When you buy into a poker tournament, you are given a set amount of tournament chips. For example, when you buy into a $10,000 tournament, you typically get 30,000 in chips. These chips can only be used in that tournament. You cannot cash them out for money. Everyone plays poker until one person has all the chips, which can take from a few hours to several days, depending on the structure of the tournament.
The blinds are gradually increased to induce action, which reduces the field over time. For example, a tournament may start with 10,000 chips and 25/50 blinds but after a few hours, you may be playing 500/1,000 blinds, turning the event into a crapshoot. Once 90 percent or so of the players have been knocked out, prize money is paid to everyone once they lose their last chip, usually with the majority of the money going to the top three finishers. For example, in large tournaments with 10,000 people, 1,000 people will usually walk away with some money.
Note that 1,000th place may get 0.02 percent of the prize pool, whereas first place might take 25 percent. When I sit down to play a poker tournament, my goal is to win. It is not to survive for a few hours or recover my buy-in. I play to win because most of the prize money goes to the top few finishers. All the biggest winners in tournament poker play to win. To win, you have to play an aggressive style of poker.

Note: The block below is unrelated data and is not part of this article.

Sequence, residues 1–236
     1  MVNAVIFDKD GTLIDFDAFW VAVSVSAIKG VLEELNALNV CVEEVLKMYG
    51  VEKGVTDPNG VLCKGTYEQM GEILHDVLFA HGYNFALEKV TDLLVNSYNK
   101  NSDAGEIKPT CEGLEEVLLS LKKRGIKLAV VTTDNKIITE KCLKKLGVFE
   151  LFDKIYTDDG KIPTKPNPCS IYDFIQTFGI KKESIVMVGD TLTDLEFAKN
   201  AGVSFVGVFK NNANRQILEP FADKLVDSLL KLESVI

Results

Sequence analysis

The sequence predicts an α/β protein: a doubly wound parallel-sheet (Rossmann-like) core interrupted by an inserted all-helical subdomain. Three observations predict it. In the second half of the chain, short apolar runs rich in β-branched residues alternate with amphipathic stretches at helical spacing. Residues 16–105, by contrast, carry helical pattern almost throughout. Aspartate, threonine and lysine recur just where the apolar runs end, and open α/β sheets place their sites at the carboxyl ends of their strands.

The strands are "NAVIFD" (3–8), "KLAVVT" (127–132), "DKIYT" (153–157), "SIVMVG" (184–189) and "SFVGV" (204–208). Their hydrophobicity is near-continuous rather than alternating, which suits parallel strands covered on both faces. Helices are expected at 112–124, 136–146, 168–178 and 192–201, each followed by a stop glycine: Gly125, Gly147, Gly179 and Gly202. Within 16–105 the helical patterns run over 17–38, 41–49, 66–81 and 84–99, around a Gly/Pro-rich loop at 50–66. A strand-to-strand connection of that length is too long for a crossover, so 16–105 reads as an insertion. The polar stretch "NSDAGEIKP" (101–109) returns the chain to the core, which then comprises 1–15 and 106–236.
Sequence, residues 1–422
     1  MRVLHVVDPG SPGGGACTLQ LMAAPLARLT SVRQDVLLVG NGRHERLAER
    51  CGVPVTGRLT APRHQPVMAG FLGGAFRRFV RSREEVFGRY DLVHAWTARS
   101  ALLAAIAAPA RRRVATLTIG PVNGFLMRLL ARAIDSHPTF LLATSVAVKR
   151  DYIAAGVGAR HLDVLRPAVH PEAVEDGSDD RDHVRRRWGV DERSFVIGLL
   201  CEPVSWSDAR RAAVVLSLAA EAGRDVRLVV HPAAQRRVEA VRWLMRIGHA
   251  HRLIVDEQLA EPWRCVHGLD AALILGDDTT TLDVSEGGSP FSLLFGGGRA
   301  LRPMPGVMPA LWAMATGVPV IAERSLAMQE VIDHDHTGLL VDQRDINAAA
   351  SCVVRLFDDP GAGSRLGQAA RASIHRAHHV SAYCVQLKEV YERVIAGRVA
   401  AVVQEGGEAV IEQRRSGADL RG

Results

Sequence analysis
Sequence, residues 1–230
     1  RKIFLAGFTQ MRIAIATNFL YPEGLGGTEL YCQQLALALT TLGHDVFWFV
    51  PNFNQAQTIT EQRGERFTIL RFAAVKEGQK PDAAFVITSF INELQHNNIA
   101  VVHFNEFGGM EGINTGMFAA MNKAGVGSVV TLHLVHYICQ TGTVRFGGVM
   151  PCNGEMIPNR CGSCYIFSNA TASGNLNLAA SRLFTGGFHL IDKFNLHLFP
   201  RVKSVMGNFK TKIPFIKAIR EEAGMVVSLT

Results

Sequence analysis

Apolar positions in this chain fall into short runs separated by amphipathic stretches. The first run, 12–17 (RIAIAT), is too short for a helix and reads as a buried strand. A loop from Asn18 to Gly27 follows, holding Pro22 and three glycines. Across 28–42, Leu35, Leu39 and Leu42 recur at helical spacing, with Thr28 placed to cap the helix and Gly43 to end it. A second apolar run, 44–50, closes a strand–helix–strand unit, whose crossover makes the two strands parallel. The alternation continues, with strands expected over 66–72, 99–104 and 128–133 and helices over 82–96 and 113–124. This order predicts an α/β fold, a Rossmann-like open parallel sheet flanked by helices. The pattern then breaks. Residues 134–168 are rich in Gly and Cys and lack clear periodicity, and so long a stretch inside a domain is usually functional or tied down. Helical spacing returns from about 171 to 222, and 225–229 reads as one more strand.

If you are tight, you won’t make it. Your chips constantly change in value. If you are running low on chips, you need to get your last few chips in the pot with a decent amount of equity. If you have a huge amount of chips, they lose value because a person can only go all-in for the amount of chips they have in front of them.
Those extra chips above what the 2nd highest person at your table has are not worth nearly as much as the chips that equal that player’s stack. Suppose you are down to nine players in a tournament and everyone has 100 chips except you, with 100,000 chips. First place pays $100, 2nd pays $70, 3rd pays $50, 4th pays $30, and the rest of the spots pay $10, for a total prize pool of $100 + $70 + $50 + $30 + (5)($10) = $300.
In this extreme situation, your 100,000 chips will almost certainly win you the tournament, but you don’t need nearly that many to win. By the same note, all the players with 100 chips have a huge amount of equity compared to the large stack. In fact, one of the 100-chip stacks will end up having almost the same value as the 100,000-chip stack by the end of the tournament, as the large stack will get $100 and a stack of 100 will get $70.
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Consider the prize money that will go to first place versus that going to everyone else in proportion to their stacks. The 100,000-chip stack will win $100, so each of his chips is worth $100/100,000 = $.001, whereas the chips of the other eight players are worth ($300 – $100)/9 = $0.22 each. As you can see, once you have a huge stack compared to everyone else, those extra chips greatly diminish in value
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